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Remembering Romona Committee


Rally for peace and justice!

Romona Moore left home at approximately 6:55 pm on April 24, 2003. She told her mom that she was going to get some food at the local Burger King. Afterward, she stopped by a friend’s house who claims she left at approximately 7:30 p.m. That was the last time she was seen by anyone. When her family reported her missing to the 67th Precinct, the police failed to respond immediately by launching a prompt investigation. In fact, the police had closed the investigation after 48 hours! Romona’s family took matters into their own hands—making flyers and contacting the media. On May 10, Romona’s family received an anonymous telephone call that would change their lives. The caller gave an address as to where the body was located. The family reached the location before the police arrived. Romona’s body was found under a vending truck next to an abandoned building on King’s Highway. It was later determined that Romona had been abducted, held hostage, raped and beaten to death ALL IN HER OWN NEIGHBORHOOD.


We are calling upon the members of Remsen Village and Brooklyn to come forward and condemn the hate that is plaguing our community. If you know any information about the events that led to Romona’s death, we are counting on you to speak. No family should ever have to go through what Romona’s family has survived. As the saying goes, “It takes a community to raise a child” and we are failing all of our children—sisters, cousins and friends by not stepping up and protecting our communities. THE TIME TO STAND UP IS NOW!!!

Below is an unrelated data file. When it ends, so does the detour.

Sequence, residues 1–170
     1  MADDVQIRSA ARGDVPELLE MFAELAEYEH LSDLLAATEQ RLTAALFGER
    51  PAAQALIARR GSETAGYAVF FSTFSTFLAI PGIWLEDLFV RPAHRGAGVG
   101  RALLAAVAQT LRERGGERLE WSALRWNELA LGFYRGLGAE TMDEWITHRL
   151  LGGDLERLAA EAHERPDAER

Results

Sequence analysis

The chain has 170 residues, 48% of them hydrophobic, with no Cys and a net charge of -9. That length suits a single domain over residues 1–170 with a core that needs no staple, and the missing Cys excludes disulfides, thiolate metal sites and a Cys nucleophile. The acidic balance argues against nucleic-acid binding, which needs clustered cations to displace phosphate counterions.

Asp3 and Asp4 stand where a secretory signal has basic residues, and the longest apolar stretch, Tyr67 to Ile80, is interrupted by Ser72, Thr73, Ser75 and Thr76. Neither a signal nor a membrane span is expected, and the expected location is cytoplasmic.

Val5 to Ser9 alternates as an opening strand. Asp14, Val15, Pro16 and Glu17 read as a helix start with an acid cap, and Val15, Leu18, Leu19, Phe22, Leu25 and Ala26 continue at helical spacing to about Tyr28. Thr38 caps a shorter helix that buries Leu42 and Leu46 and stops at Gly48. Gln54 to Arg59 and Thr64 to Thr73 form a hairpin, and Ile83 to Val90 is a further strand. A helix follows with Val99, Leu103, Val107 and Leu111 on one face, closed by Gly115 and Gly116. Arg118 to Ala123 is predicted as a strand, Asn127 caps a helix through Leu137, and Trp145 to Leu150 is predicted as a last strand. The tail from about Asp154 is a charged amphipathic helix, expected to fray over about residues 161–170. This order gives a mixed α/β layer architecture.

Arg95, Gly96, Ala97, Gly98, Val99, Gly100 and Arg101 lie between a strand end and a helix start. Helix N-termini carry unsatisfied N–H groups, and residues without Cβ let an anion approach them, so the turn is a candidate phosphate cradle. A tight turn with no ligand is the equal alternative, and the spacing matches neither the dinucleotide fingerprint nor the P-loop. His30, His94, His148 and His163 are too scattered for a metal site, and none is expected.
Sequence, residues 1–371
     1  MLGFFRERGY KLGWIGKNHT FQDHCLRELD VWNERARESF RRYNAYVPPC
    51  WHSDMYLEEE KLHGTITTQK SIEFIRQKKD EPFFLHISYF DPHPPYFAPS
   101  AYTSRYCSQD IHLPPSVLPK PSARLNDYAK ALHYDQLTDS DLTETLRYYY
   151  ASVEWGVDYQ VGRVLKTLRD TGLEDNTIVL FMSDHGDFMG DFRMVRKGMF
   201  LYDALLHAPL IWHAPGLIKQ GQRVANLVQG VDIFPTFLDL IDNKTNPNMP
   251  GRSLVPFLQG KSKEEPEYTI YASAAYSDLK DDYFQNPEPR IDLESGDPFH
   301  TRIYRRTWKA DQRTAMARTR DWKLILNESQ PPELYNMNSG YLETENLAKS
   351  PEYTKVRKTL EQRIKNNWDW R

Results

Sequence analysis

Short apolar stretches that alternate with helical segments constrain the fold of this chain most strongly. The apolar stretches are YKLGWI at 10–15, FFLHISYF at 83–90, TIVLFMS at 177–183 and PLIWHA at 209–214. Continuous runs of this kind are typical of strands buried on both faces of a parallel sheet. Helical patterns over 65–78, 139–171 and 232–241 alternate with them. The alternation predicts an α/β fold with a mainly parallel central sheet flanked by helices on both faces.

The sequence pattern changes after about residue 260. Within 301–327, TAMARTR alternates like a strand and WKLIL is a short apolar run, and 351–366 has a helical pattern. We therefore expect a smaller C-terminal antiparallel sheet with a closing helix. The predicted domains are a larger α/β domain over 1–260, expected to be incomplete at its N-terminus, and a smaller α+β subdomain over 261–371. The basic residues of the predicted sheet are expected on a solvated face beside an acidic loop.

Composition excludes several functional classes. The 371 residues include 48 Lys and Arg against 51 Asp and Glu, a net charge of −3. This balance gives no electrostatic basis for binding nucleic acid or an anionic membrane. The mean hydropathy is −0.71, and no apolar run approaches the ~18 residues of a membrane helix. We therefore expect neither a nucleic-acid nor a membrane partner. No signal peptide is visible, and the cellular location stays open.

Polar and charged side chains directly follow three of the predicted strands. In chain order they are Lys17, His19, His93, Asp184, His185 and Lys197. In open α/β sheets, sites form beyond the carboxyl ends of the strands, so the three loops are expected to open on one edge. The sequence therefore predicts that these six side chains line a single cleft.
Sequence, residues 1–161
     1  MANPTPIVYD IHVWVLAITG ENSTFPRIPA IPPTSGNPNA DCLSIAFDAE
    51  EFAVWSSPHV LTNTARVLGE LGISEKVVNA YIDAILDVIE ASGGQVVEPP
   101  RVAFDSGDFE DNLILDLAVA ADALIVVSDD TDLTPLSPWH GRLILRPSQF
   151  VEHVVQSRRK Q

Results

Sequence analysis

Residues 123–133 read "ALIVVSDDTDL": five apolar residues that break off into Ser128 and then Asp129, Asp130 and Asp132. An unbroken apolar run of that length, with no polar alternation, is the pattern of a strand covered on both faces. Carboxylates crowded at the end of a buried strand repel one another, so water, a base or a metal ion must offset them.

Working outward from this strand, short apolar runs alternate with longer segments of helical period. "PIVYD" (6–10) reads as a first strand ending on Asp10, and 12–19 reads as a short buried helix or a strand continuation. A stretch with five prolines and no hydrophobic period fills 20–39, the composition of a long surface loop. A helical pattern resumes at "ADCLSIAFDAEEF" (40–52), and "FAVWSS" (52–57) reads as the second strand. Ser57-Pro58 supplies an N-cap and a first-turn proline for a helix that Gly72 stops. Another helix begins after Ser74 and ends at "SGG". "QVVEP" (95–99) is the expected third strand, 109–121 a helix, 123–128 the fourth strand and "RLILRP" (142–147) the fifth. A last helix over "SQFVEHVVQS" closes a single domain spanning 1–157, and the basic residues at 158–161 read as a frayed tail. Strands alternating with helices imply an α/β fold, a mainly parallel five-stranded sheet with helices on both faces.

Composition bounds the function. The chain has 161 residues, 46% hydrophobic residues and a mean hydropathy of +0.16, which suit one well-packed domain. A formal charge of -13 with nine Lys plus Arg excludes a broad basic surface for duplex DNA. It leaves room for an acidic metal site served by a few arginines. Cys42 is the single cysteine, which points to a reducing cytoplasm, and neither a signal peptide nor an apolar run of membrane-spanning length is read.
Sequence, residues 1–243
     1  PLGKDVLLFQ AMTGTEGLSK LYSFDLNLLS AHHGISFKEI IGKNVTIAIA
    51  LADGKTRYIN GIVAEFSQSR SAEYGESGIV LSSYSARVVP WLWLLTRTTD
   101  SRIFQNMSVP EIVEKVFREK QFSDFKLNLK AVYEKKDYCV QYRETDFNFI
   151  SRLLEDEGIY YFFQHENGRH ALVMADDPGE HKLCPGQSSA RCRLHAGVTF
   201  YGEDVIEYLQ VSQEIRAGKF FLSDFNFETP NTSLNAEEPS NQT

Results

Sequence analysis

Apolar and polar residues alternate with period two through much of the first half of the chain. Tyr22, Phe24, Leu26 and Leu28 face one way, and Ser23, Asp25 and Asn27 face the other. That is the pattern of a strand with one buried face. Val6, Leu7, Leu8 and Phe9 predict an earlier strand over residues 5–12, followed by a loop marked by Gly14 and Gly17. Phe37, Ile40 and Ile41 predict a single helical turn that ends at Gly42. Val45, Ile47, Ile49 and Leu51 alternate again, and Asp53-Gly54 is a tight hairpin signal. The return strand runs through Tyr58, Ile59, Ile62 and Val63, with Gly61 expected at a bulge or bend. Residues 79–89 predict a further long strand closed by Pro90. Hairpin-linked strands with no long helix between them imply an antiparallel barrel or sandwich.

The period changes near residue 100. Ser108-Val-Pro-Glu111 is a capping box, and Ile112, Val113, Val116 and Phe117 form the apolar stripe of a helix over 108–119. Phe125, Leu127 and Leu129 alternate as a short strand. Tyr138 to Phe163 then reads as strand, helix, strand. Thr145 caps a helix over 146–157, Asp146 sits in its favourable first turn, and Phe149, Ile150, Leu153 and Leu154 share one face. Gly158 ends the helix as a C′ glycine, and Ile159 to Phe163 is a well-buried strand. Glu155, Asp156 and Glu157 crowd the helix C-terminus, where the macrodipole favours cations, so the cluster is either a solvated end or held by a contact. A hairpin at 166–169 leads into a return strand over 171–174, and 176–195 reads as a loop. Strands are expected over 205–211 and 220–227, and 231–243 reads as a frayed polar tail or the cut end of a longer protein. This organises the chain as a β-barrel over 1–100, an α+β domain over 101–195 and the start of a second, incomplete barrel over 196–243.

Negligence and the chronic racism that plagues the infamous 67th precinct is a causal factor in Romona’s death. The same precinct connected to the Abner Louima. Patrick Dorismond, Aswon Watson and Georgy Louisgene cases failed to launch an immediate investigation and closed Romona’s case, without notifying Missing Persons Squad, 2 days after being reported missing. Romona, who never missed class or left home without telling her mom, was not considered a “unique or unusual” case by detectives, which would have led police officers to investigate. Det. Carey, who was assigned to the case, was presumptuous, unresponsive, and disrespectful. The family was told to stop calling, “the law sucks,” and police tried to convince them she ran away. Although the family received two anonymous phone calls, the police did not give them a tracking/recording device until after they buried their only child. The 67th Precinct of the NYPD must claim some accountability for the untimely death of Romona Gail Moore.


On June 5, 2003 Council Member Charles Barron introduced the “Romona Moore Bill” requiring that an immediate search begin for missing person under the age of 25– the law stands now that you must be age 16 or under. It will also amend the days the police must turn the case over to the Missing Persons Squad from 7 to 3. “We do this to end discrimination… Oftentimes when missing persons come from white communities they launch into an investigation immediately. When it comes to our communities of color, they often say the person is hanging out, they’re partying” Charles Barron* *Greenwich Village Gazette 6/9/03

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